Thank you Liam for offering your time and expertise!  You were a big help to all of our gardeners!

Don’t forget, next week we will be meeting at a special time to head to the Eastside Cafe for a tour of the garden followed by brunch!  Meet in the Eastside Cafe parking lot at 11 am.

Apr14

Join the live video chat with a Master Gardener!

Looking for advice from a Master Gardener?  Click here to join the live Skype chat now to talk to our gardening expert Liam McDonnell!

Apr11

Kasey – Week 3

I’ve become one of them. Yes, it’s true: I’ve become a gardener.

Here are the symptoms:

  • Constantly calculating the amount of rain you’ve gotten in the last week.
  • Researching bugs after seeing them in your yard.

    Which did I need to water?

  • Lingering in the outdoor section of the home improvement store.
  • Buying a knee pad.
  • Talking to everyone you know that shows passing interest about your garden.

 

Yes, it’s true. I’ve been watching and watering and fertilizing and researching. Have I made missteps? Definitely. My mint pots do not have

drainage, so it is hard to know how much water them sometimes. (I have heard that too much moisture can often lead to rot and diseases in the roots.) One of them was suffering from my inexperience. However, there is one thing I have learned about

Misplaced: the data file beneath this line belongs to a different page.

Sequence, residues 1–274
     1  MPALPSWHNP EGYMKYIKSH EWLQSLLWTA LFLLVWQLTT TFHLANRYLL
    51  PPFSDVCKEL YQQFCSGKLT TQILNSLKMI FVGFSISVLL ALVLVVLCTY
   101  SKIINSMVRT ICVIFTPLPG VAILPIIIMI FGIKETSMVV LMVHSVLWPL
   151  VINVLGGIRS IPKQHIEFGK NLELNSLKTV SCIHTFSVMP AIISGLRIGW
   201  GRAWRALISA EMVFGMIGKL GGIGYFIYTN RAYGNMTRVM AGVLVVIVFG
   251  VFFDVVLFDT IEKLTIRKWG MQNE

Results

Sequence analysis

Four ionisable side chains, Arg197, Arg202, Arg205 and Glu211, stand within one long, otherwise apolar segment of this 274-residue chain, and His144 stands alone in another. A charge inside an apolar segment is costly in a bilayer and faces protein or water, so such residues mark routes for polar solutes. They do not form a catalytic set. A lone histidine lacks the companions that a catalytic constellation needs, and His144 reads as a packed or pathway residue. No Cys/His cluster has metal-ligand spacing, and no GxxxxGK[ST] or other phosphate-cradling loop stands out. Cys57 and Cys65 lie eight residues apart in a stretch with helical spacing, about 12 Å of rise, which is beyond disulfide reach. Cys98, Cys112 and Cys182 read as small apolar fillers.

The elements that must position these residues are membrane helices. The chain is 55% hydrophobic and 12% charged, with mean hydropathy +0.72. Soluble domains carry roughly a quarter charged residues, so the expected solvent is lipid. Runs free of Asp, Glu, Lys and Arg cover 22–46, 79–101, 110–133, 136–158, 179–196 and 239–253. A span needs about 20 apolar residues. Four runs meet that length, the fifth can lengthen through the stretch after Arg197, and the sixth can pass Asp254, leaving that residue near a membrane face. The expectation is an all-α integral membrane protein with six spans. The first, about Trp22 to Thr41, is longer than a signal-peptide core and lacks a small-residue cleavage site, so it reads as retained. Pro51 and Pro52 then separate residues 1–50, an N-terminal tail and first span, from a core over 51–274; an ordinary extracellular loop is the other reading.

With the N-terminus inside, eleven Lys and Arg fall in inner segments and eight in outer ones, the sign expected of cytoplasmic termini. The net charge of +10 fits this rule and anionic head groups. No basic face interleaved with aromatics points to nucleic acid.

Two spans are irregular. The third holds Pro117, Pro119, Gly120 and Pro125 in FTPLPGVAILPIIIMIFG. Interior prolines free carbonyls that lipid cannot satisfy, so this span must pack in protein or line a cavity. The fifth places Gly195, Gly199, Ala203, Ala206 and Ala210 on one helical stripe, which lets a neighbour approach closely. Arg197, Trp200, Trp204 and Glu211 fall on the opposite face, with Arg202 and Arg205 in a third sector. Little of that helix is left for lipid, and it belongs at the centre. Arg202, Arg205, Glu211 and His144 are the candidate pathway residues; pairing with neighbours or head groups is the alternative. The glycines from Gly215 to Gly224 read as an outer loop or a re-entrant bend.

plants: they are resilient! It perked up almost immediately after I gave it some H2O.

In general, I try to stick to the following guidelines:

 

Watering

This is a task that I try to squeeze in even when I am at my busiest. Afterall, it is essential to the process. We have had a hot April, so I have been watering every other day and checking my potted plants often for any dryness. The soil in containers and pots tends to lose moisture much faster than if it was in the ground because it has much less insulation.

I watered in the late evening (around 7pm) because as any gardener  will tell you, plants should not be given water in the heat of the day. It will evaporate, but more importantly, the water can form a lens that will scorch the foliage in the sun.

 

Herbs growing.

Fertilizer

I was unsure on what was the best for my large variety of plants, so I picked up the first organic food fertilizer I saw. It was a nice (and very smelly) granular mix that was to be spread in the soil surrounding the plants about once a week. My plants are healthy and strong, so it must have been good enough to do the trick.

I have heard often that liquid fertilizer is a good idea for tomatoes since it provides immediate nutrients straight to the fruit. This is something I am eager to try later when I run out of my current mix.

 

 

Insects

Bug damage.